o Too much/too little time testing? S4-s6 spend one third of their time doing exams, but literacy/numeracy declining?

o Scottish pilots – Pilrig or others? Starting school aged 7, more nursery instead?

Annual Conference 2017: Jamie’s reflections


The first in a series of reflections from some participants at our annual conference, Changing Futures, on Thursday 2nd February 2017. More to come! Jamie is a youth and community worker with the Spartans Community Football Academy – a new type of school that’s about a whole lot more than football! Find out more on this link, or contact Spartans directly – details below.



The day kicked off with a review of the ACE (Adverse Childhood Experiences) Study, which looked at the impact of ACE experiences on the child and how this impacts in later life. Some examples of this are:

–       Children who suffer ACE’s but have someone to talk to are

less likely to suffer substance abuse and/or crime issues.

–       Children who suffer ACE’S are likely to suffer the consequences of these later in life.

–       Children with 4 or more ACE’s are 32 times more likely to have difficulties with learning.


We heard the stories of two volunteers, who have both had ACE’s, who have now turned their lives around – one who spent significant time in a mental health institute and the other who is a recovered heroin addict. These young people are now volunteers from the Turn Your Life Around.


The woman who had previously been in a mental institute (amongst several other issues) has now set up her own social enterprise called Real Talk: Storytelling for Mental Wellbeing.

The second volunteer is also now working with a charity called Aid and Abet.

It was particularly interesting to hear the story of Tracy Berry from Forthview Primary School, who is the Family Support Teacher. Her sole job is to engage and build rp1040336elationships with the parents of pupils at the school. Eileen Littlewood, headteacher at Forthview, says Tracy’s success has “literally saved lives”. She spoke a lot about the importance of helping the parents and the evidence that points towards this directly helping young people in education.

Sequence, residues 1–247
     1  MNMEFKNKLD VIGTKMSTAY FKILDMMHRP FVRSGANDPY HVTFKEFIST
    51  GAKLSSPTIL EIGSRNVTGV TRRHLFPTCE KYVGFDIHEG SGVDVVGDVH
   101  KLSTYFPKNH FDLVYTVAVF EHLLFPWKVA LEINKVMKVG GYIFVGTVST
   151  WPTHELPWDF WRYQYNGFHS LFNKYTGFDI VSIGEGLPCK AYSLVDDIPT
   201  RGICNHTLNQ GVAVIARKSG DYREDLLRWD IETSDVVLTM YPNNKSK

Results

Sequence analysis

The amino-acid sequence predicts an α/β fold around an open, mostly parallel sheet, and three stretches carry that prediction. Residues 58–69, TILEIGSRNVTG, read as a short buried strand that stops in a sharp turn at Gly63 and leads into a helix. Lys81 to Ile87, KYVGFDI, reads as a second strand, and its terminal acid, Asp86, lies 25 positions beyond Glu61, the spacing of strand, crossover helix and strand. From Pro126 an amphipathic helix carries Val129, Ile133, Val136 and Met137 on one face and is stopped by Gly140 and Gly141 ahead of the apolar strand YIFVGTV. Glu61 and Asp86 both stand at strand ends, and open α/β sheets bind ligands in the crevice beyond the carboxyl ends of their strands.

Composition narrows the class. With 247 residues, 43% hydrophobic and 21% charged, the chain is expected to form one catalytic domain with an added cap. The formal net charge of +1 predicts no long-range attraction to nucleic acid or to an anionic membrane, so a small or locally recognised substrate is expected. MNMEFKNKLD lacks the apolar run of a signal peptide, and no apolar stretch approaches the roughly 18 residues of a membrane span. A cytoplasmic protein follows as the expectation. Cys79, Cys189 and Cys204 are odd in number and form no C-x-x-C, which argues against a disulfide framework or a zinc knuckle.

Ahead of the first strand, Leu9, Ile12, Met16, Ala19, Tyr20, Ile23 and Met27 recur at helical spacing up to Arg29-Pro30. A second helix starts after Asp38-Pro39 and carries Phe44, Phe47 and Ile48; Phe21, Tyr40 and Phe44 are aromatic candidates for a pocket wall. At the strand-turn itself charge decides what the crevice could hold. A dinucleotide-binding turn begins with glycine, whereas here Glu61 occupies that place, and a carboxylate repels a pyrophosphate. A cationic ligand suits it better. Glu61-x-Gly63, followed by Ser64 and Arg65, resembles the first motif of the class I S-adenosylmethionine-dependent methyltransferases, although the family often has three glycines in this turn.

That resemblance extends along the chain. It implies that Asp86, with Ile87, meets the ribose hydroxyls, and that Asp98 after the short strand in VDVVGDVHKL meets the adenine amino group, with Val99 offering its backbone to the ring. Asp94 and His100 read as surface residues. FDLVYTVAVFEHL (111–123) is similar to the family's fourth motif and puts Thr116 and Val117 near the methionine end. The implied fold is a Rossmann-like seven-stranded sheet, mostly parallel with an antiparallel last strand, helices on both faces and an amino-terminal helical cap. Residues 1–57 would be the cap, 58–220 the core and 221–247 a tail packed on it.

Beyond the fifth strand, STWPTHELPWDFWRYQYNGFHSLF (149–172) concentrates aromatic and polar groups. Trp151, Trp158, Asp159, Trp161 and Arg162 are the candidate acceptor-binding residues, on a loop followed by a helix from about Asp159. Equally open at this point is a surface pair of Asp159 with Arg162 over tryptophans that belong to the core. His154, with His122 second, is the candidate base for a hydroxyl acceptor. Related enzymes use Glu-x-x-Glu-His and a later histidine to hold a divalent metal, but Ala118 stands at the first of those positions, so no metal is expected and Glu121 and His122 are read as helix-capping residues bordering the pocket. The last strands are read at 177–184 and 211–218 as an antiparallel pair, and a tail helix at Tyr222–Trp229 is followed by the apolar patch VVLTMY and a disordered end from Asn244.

I particularly enjoyed about hearing from two Care Experienced Campaigners from Who Cares? They described their experiences of living in the care system and how they believe it  can be improved.


John Carnochan – an “interested bystander” spoke at length about how he believes the education system can be improved – in particular proposed that children shouldn’t start school until they are 7.



Jamie Tomkinson

Youth and Community Worker


The Spartans Community Football Academy

94 Pilton Drive, Edinburgh EH5 2HF

0131 552 7854




Unlocking Leadership and Management Potential in Different Contexts

An account of the BELMAS Conference (8th – 10th July 2016) by SELMAS convenor, Margaret Alcorn


For several years SELMAS has maintained a relationship with our sister organization BELMAS. This year, as in past years the BELMAS Committee invited a member of SELMAS to attend the annual Conference. After discussion at our committee it was agreed that I should attend on behalf of our organization


The conference was very different in scale, audience and atmosphere to our own annual event.  A total of 180+ delegates, almost exclusively drawn from academic circles, gathered for two intense days with 3 keynotes and a total of around 50 different sessions to choose from. The mood was very positive as many delegates connected with familiar faces, or indeed with those previously known only through social media. A significant proportion of the attendees (around 25%) were from overseas. This offered lots of new insights and different perceptions to emerge in discussions.


Day one started with a description of the work of the “RIGS”, the research interest groups which offer Belmas members an opportunity to share research, inquiry and knowledge in particular areas. Also on day one, two sessions were offered and I attended a roundtable discussion on “Unlocking leadership and management potential through a joint secondary/HEI partnership”. My second choice was “A key to inspired post-graduate leadership learning in regional Australia”